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The Open Door
Sometimes it takes a neighborhood—and a new kid in your life—to show you who your friends are.
 
BY MARIE HOWE
 
Marie in her West Village apartment with Inan. (Photo Credit: Joseph Maida)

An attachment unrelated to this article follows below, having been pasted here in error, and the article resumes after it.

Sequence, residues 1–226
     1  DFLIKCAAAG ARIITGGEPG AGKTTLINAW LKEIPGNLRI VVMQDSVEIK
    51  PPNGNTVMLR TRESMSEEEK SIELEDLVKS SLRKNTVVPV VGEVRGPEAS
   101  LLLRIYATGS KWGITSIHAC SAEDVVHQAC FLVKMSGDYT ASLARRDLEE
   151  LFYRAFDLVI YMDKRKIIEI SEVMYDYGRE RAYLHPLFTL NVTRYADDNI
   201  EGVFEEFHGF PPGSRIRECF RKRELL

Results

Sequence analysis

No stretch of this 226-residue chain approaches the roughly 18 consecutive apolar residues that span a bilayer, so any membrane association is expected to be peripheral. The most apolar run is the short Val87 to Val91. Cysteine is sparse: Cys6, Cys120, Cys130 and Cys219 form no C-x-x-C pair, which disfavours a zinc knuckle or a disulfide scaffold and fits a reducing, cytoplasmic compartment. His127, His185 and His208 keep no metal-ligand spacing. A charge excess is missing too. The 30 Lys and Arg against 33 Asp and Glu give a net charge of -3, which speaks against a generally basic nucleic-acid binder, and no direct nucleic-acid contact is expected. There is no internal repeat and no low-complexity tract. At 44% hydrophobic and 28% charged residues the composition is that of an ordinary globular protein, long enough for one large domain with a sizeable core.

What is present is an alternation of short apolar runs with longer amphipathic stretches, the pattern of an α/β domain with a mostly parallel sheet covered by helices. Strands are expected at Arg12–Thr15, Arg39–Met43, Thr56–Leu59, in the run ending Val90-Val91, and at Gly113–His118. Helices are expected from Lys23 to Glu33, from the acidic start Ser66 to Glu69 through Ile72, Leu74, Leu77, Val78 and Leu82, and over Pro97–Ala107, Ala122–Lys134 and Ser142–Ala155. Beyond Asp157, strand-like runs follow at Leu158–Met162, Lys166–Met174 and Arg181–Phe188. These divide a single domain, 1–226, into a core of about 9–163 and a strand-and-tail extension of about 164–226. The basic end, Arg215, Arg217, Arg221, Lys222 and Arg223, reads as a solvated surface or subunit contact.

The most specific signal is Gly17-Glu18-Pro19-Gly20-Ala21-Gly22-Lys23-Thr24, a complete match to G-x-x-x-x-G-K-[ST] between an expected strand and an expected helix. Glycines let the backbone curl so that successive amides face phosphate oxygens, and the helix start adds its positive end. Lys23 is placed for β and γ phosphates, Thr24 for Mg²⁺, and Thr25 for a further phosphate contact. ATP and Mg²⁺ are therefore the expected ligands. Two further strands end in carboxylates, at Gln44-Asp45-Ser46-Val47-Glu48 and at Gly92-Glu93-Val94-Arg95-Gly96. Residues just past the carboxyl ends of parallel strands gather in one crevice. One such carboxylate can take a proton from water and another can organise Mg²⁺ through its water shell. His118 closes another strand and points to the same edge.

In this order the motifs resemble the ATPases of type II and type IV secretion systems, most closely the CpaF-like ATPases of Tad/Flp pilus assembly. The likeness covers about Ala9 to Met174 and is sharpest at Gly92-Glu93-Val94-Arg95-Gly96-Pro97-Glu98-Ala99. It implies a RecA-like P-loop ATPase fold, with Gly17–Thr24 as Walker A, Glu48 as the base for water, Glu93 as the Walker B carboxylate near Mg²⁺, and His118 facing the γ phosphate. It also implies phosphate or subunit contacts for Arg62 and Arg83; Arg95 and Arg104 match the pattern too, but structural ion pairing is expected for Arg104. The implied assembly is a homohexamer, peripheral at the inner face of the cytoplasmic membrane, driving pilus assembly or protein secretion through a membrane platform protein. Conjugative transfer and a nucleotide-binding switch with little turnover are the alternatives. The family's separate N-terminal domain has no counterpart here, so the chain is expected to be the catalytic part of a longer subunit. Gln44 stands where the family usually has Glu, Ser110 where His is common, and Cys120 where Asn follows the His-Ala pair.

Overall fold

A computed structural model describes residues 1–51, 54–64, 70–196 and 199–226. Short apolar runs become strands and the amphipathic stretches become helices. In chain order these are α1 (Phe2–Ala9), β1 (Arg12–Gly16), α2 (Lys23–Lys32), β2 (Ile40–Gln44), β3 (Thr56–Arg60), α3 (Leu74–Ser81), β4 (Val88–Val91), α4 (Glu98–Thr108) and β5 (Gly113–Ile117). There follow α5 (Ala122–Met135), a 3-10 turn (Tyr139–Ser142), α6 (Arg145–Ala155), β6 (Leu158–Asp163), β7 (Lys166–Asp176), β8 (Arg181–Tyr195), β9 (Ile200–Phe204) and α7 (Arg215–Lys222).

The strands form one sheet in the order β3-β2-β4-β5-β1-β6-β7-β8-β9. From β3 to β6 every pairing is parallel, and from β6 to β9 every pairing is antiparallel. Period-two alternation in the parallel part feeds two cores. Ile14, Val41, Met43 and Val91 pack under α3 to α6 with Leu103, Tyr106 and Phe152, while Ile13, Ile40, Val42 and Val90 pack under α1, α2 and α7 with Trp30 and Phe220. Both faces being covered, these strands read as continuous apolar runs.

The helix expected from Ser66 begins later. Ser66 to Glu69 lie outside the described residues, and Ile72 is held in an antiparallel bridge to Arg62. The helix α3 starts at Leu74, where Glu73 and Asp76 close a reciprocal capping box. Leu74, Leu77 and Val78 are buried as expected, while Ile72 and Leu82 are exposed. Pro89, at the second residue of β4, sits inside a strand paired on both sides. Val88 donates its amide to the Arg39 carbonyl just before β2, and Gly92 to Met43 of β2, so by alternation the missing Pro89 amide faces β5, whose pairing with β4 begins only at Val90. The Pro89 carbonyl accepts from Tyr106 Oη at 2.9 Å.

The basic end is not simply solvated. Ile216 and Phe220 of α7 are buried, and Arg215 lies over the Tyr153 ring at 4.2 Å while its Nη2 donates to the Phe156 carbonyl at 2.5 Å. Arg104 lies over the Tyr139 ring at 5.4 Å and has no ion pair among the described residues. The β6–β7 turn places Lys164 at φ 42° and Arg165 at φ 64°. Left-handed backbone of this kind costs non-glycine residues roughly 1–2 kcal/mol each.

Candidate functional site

About ten years ago, I moved into a railroad apartment in the West Village: five flights up to a long, narrow space that my sisters, who live in houses, might call a hall. When the apartment was swept and uncluttered, tulips standing on the table, it looked like a sliver of a country house. As long as you didn’t move. This place is so peaceful, friends would say, so serene—and it was, unless the neighbors were home. I nodded on the stairs, but I had no desire to know the people across from me: two adults and one young daughter living in a space too small for even one person. I’d come to New York to escape the white affluent suburbs, to live with different kinds of people, but this was just too close. Their language, their cooking, their shouting: Everything they did seemed foreign and loud. I closed the door; they came through the wall. The man’s snoring woke me. “Stephanie!” I heard the mother call to her daughter so many times it was a song stuck in my head. When the family’s friends came over, their conversation and laughter drove me from my desk, forced me to walk the streets. Then the worst thing happened.